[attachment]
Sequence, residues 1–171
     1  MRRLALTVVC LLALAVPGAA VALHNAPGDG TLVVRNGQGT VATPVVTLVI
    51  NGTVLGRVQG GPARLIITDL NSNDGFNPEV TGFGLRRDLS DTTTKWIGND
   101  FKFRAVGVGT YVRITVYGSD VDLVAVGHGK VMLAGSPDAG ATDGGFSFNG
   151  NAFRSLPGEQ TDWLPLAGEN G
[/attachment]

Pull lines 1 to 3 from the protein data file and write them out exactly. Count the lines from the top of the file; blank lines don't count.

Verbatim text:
Sequence, residues 1–171
     1  MRRLALTVVC LLALAVPGAA VALHNAPGDG TLVVRNGQGT VATPVVTLVI
    51  NGTVLGRVQG GPARLIITDL NSNDGFNPEV TGFGLRRDLS DTTTKWIGND